GRASS AND FOOD-VALUES
By PROFESSOR R. G. STAPLEDON
THERE are factors impinging on each other today which are assuredly the heralds of an agricultural revolution which, while world-wide, will affect most profoundly those countries which, like Great Britain, have a huge population and a very restricted land surface.
Let it once be possible to define accurately, and in precise scientific terms, and in respect of every foodstuff, the golden word " quality," and we shall be speaking another language. Science is marching rapidly in this direction, and knowledge is 'accumulating rapidly in regard to the subtleties. Rations must be balanced, not only relatively to the grosser needs—protein equivalents and starch equivalents—but also in relation to the subtleties, and vitamins are not the only subtleties. Soon, both in respect of our crops and of our livestock products, we are bound to be reckoning not in tons per acre, not in gallons per acre, but in " health units " per acre. Nobody has yet proved whether gross yield per acre and " health units " per acre are best served by the same technique of production. If it were shown that maximum bulk and maximum " health units " were incompatible in respect of a number of our more important human foods, that alone would be sufficient to alter completely the agricul- tural outlook and policy of this country ; derelict acres would be a serious matter indeed.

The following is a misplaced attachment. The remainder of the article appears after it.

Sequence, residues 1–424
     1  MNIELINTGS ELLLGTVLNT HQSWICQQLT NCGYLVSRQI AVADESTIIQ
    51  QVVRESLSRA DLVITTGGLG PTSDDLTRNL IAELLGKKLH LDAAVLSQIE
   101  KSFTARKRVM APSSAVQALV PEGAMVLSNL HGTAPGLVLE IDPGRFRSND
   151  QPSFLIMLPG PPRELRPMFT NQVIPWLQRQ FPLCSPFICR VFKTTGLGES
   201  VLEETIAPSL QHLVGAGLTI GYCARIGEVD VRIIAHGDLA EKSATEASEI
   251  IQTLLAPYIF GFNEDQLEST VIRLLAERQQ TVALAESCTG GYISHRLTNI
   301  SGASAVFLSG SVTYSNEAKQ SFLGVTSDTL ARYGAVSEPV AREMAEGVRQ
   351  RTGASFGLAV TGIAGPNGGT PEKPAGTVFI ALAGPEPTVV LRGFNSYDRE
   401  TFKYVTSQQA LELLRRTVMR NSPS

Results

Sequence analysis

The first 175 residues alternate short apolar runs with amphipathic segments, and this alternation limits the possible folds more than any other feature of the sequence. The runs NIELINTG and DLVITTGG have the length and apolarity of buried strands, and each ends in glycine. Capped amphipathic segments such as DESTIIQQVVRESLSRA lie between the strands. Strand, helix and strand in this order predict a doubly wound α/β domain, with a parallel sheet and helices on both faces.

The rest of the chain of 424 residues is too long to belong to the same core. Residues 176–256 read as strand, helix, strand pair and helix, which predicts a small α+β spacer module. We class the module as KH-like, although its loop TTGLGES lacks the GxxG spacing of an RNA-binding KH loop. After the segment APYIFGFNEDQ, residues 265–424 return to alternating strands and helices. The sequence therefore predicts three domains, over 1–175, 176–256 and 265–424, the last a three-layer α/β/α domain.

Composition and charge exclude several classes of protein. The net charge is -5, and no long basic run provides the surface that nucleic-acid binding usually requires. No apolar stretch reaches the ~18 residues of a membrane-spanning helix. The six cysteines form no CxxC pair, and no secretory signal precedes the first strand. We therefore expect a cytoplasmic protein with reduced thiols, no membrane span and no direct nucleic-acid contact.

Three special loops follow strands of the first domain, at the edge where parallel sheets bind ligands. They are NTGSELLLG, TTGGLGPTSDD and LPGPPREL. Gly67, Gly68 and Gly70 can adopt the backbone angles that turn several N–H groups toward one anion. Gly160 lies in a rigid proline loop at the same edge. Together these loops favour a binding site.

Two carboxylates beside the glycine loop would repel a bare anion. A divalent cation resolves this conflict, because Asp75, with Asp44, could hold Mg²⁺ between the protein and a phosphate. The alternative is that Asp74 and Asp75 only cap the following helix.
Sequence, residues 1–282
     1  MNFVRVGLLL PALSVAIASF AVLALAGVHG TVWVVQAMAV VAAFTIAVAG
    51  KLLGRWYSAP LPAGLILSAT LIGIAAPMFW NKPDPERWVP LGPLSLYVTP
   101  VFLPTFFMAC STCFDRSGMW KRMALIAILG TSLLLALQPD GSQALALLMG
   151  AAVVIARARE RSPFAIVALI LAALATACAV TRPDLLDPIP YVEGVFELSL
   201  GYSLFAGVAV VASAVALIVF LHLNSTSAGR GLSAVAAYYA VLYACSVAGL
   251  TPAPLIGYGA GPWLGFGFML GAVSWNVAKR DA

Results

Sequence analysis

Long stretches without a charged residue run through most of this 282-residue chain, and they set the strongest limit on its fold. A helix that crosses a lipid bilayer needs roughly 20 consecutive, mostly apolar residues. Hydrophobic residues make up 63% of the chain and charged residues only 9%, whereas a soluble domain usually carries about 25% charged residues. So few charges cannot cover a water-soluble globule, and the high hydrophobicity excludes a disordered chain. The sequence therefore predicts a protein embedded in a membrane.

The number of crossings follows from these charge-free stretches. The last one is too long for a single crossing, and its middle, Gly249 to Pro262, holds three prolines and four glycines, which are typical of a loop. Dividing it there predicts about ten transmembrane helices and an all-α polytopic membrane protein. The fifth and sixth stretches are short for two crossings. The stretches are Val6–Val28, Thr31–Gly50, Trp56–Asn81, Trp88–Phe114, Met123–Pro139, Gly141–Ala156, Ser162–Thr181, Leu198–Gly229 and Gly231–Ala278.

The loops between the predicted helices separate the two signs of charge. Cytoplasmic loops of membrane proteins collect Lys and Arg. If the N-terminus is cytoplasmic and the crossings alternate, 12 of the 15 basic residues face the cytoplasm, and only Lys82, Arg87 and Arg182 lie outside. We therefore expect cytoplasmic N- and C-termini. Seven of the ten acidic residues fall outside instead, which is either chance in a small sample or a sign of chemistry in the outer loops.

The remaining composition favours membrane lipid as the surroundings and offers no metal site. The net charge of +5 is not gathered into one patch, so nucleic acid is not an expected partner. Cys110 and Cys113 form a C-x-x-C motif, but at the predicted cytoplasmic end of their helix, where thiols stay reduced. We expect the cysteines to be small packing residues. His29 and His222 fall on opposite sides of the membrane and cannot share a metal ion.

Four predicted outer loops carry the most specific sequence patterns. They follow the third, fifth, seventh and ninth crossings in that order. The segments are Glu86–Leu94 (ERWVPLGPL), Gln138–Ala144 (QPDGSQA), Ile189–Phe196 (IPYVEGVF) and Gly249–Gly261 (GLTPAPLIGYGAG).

In the light of modem knowledge milk is probably to be regarded as the most important of all health-giving foods, and there is still a great deal to be learned about the subtleties of milk. Clean milk, fresh milk—these are already national slogans. We know at all events that the quality of milk is profoundly affected by the kind and quality of the feed supplied to the cows. Grass is the mother of milk ; and grass of high quality supplied to the cows all the year round means—or should mean— milk of good quality available all the year round. This is by no means all, for, on the basis of Sir John Orr's estimate, in the interest of national health the milk consumed in this country should be increased in quantity by 42 per cent. ; the butter consumption should also be increased. National consumption is influenced by three factors in particular—knowledge, the income of the poorer families, and the price of the commodity. Tech- nique of production has a direct and an indirect influence on the price of a commodity. If improved technique makes for greatly cheapened production, this, in the long run, will force consumers and producers alike to demand and to create facilities for rational and cheapened dis- tribution. Let it once be generally realised that the product in question is of prime necessity in the interest of national health, then the cheapening of production will be the master-key that will open doors that have long seemed impenetrable.